The wildlife in protected tropical forests is increasingly threatened, a new study finds. Now, around the world ways are sought to stop this decline in biodiversity.
The study “Averting biodiversity collapse in tropical forest protected areas,” recently published in the scientific journal, Nature, identifies illegal hunting as one of the main causes of biological decline in tropical reserves.
The study is the most comprehensive on tropical reserves to date. More than 200 scientists contributed data collected over the past 30 years from 60 areas across the world.
Karl Eduard Linsenmair from the University of Würzburg in Germany, who has done extensive research in the tropical forests of West Africa and Southeast Asia over the last three decades, contributed to the study.
A growing population and more sophisticated weaponry have increased the pressure on wildlife within the forests, said Linsenmair.
Traditional tribes who lived off the forest had rules for hunting that guaranteed sustainable use. For example, they would not shoot animals heavy with young. Poachers today act very differently.
“A professional poacher does not spare any animal. He shoots everything that is in sight and is worth more than the cartridges. … Thus, they can empty out whole areas,” says Linsenmair.
As a result, the majority of reserves can be considered, what Rhett Harrison calls “empty forests.” These are forests, which are largely devoid of large- and medium-sized mammals and birds. Harrison wrote a paper for the journal BioScience in November 2011 on the threat poaching poses on reserves.
Like with every ecosystem, predators are crucial to the ecological balance of tropical forests. When prey animals multiply unchecked due to predators being killed off, this can cause an ecological disruption. For example, prey may excessively eat seeds that make it more difficult for plants to multiply.
About 18 percent of the world’s tropical forests are designated as protected areas, where commercial activity is forbidden or strictly limited. Due to increasing deforestation of the world’s rainforests, for many threatened species in the tropics, these nature reserves have become the final refuges.
Tropical forests harbor about half of the richness and diversity of the world’s species. The reserves’ resilience is a crucial condition for their survival.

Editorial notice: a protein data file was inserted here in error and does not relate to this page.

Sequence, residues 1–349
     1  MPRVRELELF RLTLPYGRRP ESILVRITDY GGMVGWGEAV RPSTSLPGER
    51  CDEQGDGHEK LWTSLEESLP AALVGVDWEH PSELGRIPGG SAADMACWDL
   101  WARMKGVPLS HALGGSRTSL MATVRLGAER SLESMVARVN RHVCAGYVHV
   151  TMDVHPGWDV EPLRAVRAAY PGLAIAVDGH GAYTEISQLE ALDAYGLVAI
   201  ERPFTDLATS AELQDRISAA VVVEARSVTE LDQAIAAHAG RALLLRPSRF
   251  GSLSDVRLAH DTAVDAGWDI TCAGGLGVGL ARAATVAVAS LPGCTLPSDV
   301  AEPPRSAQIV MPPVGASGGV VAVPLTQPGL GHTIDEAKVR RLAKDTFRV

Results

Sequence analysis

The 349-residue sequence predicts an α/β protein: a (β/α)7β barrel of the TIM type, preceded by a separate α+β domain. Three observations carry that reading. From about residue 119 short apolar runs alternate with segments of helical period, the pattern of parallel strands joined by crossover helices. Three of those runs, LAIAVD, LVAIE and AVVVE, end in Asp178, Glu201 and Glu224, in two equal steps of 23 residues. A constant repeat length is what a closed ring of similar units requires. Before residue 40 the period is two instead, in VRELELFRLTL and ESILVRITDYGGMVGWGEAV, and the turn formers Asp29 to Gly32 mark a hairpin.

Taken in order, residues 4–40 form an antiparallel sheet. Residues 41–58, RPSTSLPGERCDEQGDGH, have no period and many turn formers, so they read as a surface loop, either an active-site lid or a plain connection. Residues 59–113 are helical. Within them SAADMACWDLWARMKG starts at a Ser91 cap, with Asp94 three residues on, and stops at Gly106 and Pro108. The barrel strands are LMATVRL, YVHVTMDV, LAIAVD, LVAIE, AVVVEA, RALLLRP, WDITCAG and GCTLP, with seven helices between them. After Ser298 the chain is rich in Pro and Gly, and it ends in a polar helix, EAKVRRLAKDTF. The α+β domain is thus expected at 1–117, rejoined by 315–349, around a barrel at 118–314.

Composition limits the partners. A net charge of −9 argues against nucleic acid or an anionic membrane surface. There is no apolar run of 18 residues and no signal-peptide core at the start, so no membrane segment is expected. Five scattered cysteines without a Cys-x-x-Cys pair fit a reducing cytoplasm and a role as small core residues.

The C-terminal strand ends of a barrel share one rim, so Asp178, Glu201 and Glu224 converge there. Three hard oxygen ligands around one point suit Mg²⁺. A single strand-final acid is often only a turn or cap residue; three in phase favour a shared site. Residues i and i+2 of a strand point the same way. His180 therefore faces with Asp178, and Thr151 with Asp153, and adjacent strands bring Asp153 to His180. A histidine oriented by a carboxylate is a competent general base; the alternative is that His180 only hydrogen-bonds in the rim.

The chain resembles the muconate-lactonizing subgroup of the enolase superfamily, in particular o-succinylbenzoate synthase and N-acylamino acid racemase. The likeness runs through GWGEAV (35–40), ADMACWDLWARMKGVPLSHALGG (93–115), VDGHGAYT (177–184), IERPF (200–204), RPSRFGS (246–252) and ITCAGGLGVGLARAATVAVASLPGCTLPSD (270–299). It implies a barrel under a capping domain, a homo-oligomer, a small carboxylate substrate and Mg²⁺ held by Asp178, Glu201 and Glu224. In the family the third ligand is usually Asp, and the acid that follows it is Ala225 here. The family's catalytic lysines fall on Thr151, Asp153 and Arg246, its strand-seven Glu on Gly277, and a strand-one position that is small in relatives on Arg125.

According to the study, now half of the protected areas are under threat.
“Many protected areas in the tropics are themselves vulnerable to human encroachment and other environmental stresses,” the study finds.
The emergence of a global market has created new incentives for poachers to increase the kill off. Linsenmair cites estimates that every day, up to a ton of wildlife meat from tropical forests arrives at Charles de Gaulle Airport in Paris, alone.
A key problem is that many poachers act with impunity, Harrison writes. Hence he suggests improving enforcement by local authorities as well as the prosecution of poachers.
The International Anti-Poaching Foundation, based in Zimbabwe, is taking a dual route. Besides training anti-poaching units that crack down on poachers in Southern African wildlife parks, they have started to offer poachers an alternative to their trade.
Regarded for their intimate knowledge of the terrain and wildlife, the foundation has begun training convicted poachers as rangers themselves. This means “one less poacher ‘off the street’ … but it also ensures that the unit has a broader knowledge base to use in the course of their duties,” its website states.
Additionally, besides poaching, other illegal economic activities in the reserves contribute to their decline. For example, the washing of gold, pollutes forest rivers with mercury and harms organisms living there.
To help boost the health of the protected areas, Linsenmair suggests improving their layout, which are often small and fragmented. Many species cannot migrate properly since the reserves often border on large cultivated areas.
For example, many birds would not move outside the protection of trees. It would help many species to have corridors joining several reserves. Animal migration is crucial to stabilizing populations and preserving genetic variety, he says.
William F. Laurance from James Cook University, Australia, one of the lead authors of the study, in a news release stresses the importance of reserves.
“We have no choice tropical forests are the biologically richest real estate on the planet, and a lot of that biodiversity will vanish without good protected areas.”
With additional reporting by Heike Soleinsky .
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